A Fellow Traveller

The train home. Dr A and I sit in companionable silence, he furiously marking (he suspects he’ll have read about 125 essays by the end of the week), Central Belt Shuffler catching up on emails and social media.

A older cyclist gets on the train. It’s the first properly cold evening of the year, but he’s in knee-length shorts. He has the same fluorescent cycling jacket (slightly larger size) as me, though, and keeps his helmet on through the journey.

Not far out from Queen Street, he tosses words across the aisle at Dr A, ‘You’re a teacher?’

Dr A nods, wearily.

‘What dae ye teach?’ interrogates our fellow traveller.

I explain we work at the uni, and what my subject area is.

Dr A admits to teaching English.

‘Brutal,’ our interlocutor replies. It’s hard to know whether this is condemnation or approbation.

‘Ah’m a teacher too. Chemistry. When ye’re marking it’s easy to see. Is it 9 and a quarter? But English. That’s brutal.’

We realise he is speaking in sympathy at Dr A’s lot, and laugh.

‘Little and often is what my dad always advised about marking,’ I said. ‘He was a school teacher.’

He goes on to tell us about his own love of teaching, his school days in the East End of Glasgow. Tough, working class, Celtic and Rangers and a’ that.

‘Lamb, Spenser, the Faerie Queen, Milton… teaching that tae boys from the East End. But The Big McGonigall!’ He smiles, remembers, some long gone inspirational teacher in his mind’s eye.

‘James Joyce. Ah like the Irish writers. Joyce, Seamus Heaney. Ah shoulda done English,’ he said. ‘But working class boys, it wisnae fer us. The white heat of maths and chemistry, that wis the thing. It can still be like that ah think.’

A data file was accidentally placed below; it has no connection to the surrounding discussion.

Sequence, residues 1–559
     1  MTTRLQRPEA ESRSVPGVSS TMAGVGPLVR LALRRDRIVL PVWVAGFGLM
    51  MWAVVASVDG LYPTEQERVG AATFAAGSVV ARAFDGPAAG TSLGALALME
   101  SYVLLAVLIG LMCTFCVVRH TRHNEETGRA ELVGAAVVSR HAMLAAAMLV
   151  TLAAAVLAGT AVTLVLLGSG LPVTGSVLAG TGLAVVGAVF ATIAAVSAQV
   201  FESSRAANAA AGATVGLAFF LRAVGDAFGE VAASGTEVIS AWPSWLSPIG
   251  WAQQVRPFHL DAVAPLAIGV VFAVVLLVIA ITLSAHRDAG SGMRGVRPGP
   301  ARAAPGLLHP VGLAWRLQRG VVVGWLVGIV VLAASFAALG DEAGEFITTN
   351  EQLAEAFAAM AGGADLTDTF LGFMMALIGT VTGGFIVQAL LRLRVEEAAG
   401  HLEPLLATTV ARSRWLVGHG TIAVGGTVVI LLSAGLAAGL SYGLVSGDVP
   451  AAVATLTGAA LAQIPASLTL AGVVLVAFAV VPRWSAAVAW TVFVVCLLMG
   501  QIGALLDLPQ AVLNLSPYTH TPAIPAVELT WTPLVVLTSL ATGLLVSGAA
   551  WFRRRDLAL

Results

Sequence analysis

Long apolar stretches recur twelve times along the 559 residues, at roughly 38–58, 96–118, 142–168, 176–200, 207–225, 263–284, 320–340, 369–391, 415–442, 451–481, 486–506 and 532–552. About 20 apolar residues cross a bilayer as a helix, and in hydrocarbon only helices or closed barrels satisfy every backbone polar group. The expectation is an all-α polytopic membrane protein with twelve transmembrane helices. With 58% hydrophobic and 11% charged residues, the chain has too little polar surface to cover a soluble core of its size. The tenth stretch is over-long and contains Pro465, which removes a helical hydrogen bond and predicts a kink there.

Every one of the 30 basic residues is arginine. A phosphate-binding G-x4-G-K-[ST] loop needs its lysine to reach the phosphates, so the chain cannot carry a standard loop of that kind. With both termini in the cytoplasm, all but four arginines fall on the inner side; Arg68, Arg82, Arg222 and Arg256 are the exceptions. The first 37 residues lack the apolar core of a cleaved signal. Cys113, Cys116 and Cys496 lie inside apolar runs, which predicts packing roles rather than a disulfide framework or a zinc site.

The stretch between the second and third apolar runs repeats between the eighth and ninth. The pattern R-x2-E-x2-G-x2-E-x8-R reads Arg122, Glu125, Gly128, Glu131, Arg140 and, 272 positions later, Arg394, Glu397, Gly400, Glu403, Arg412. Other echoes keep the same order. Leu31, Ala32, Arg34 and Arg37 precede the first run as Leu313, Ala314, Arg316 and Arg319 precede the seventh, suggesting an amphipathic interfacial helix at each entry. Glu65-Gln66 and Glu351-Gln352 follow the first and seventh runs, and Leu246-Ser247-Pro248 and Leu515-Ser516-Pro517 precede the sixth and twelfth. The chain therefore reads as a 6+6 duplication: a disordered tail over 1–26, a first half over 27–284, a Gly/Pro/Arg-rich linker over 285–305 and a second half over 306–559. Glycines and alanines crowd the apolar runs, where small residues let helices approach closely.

We agree, and Dr A talks about his experience at university open days, trying to convince parents that English is worth studying.

‘Ah’m reading McIlvanney at the moment,’ he said. ‘The Kiln. It’s very autobiographical. It reminds me of my life.’

The train pulls into the station. We take our bikes off the train and head our separate ways homewards, wishing each other well.

It feels like coming home…

FullSizeRender (6)It’s early, a sunny morning. Central Belt Shuffler is slowly getting back into the return to work. The early alarm for the commuter train, hopping on the bike, the initial speed down hill, and then the push through to the station. It’s an even earlier train than normal today, to arrive in good time for an event.

I arrive at the station well in time, and head into the ticket office. There’s a hipster brass band playing on the concourse, and Scotrail branded cupcakes, celebrating the reopening of the Queen St tunnel. As travellers pass through the barriers on their way to work they are offered cake. Initially, some are wary, thinking it’s a charity collection, but then – as the sun streams through the roof – they realise it’s a small gift, the icing on its top literally buttering up customers after months of extended journey times.

The commuters’ early-morning head-down intent turns to smiles. The girls handing out the cakes dance in time to the band. The boys grin at everyone.